# slibtool: a skinny libtool implementation, written in C

`slibtool` is an independent reimplementation of the widely used libtool,
written in C. `slibtool` is designed to be a clean, fast, easy-to-use
libtool drop-in replacement, and is accordingly aimed at package authors,
distro developers, and system integrators. `slibtool` maintains compatibility
with libtool in nearly every aspect of the tool's functionality as well as
semantics, leaving out (or turning into a no-op) only a small number of
features that are no longer needed on modern systems.

Being a compiled binary, and although not primarily written for the sake of
performance, building a package with `slibtool` is often faster than with its
script-based counterpart. The resulting performance gain would normally vary
between packages, and is most noticeable in builds that invoke libtool a large
number of times, and which are characterized by the short compilation duration
of individual translation units.

## why reimplement libtool?

Midipix targets use the PE binary format, and so require import library
integration on the one hand, yet follow ELF naming conventions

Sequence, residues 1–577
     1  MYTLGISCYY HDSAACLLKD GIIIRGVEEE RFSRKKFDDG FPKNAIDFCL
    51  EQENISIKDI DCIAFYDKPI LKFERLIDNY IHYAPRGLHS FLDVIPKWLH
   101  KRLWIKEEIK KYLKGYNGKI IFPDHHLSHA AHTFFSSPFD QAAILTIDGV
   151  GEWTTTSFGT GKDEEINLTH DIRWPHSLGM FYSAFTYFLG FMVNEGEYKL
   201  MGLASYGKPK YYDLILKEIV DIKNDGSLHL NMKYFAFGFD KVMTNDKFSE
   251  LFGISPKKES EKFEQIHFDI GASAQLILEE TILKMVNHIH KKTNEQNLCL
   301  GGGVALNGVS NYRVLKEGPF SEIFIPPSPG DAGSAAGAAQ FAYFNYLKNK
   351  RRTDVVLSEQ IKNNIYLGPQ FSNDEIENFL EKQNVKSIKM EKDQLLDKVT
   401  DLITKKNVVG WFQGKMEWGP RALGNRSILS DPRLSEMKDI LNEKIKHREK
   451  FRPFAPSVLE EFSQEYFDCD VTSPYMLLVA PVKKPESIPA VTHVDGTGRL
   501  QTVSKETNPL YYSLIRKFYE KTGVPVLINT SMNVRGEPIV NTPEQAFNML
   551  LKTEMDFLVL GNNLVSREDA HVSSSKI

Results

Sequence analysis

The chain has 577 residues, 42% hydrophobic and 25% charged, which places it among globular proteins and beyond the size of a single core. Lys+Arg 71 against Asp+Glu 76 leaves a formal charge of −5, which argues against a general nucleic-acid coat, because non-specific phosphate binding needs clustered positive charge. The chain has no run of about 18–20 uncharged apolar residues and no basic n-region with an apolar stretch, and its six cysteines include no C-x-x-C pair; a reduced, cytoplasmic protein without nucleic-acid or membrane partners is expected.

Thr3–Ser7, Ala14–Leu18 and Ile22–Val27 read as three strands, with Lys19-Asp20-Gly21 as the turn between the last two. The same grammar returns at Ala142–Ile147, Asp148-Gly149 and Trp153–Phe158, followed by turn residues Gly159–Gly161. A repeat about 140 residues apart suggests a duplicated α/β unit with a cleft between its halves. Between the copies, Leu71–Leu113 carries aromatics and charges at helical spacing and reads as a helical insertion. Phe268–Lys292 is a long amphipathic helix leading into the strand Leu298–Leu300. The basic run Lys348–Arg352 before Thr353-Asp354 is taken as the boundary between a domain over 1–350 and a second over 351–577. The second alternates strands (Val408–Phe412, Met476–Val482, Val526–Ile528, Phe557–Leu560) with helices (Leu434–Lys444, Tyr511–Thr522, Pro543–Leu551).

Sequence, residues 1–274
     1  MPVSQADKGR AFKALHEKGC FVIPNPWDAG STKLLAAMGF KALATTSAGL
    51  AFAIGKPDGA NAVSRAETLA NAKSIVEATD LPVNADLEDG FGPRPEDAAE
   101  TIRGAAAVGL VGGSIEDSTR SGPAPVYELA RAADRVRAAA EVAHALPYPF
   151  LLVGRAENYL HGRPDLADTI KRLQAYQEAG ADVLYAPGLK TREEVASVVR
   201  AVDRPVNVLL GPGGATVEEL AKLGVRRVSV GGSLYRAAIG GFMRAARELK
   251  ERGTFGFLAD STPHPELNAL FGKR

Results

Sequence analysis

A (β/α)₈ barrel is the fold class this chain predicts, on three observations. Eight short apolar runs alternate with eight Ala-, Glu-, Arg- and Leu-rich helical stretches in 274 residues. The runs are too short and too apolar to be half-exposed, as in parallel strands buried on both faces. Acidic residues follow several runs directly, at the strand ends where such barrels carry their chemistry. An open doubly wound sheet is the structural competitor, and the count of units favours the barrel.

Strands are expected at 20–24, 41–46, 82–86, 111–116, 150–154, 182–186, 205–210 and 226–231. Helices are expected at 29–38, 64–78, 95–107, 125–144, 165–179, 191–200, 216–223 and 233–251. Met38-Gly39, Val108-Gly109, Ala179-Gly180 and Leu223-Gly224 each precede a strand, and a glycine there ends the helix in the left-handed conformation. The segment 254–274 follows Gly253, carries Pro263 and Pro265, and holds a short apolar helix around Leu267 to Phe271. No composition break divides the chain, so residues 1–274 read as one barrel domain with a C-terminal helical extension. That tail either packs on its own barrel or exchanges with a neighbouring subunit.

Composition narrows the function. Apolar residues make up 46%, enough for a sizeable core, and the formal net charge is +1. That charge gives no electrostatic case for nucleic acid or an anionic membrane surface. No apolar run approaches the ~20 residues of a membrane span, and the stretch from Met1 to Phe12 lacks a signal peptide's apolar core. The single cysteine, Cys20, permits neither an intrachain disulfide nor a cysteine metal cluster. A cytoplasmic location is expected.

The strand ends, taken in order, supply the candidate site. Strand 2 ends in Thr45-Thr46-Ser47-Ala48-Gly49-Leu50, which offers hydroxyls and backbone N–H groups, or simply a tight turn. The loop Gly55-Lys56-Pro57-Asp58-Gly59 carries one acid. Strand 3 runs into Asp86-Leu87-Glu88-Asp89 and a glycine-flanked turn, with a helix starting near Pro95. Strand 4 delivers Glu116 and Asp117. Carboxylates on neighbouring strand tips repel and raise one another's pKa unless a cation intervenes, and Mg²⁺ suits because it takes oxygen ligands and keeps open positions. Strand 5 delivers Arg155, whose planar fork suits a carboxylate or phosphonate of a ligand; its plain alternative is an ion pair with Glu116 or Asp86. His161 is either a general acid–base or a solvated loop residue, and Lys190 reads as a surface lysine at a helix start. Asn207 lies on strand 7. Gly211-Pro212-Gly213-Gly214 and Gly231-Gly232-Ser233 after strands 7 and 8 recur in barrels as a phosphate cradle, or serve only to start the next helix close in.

(i.e. on the other. In consequence, midipix shared
libraries are not fully supported by existing libtool implementations.
As an interim solution used for the porting of gcc, a libtool script
generated by was hand-edited so that it would correctly produce
the host's shared libraries as part of the toolchain build process.

Bypassing the libtool script generated by a package's requires
overriding the `LIBTOOL` variable as part of invoking `make(1)`. In that
sense, and unless midipix support is added to every single in
every single package that uses autotools, it does not truly matter whether
the surrogate libtool that one chooses be a script, a program written in C,
or something else.

At the time of this writing, an average libtool script consists of about
`10K lines of code` with `several hundred case-esac statements` and a similar
number of `if-then blocks`. In view of the length of the generated script,
and in light of its challenging logic and overall complexity, a rewrite of
the tool in C seemed to be the right choice not only with respect to quality,
readability, and anticipated performance, but also in terms of development
effort, ease of customization, and long-term maintenance.

## Requirements for building slibtool

- a C toolchain, consisting of
    - a C compiler such as gcc, clang, or [cparser];
    - the compiler should support -std=c99;
    - the system's libc should support -D_XOPEN_SOURCE=700.

If building for (native) mingw development, please cross-build slibtool
under your posix environment of choice (e.g. midipix, cygwin, msys2) and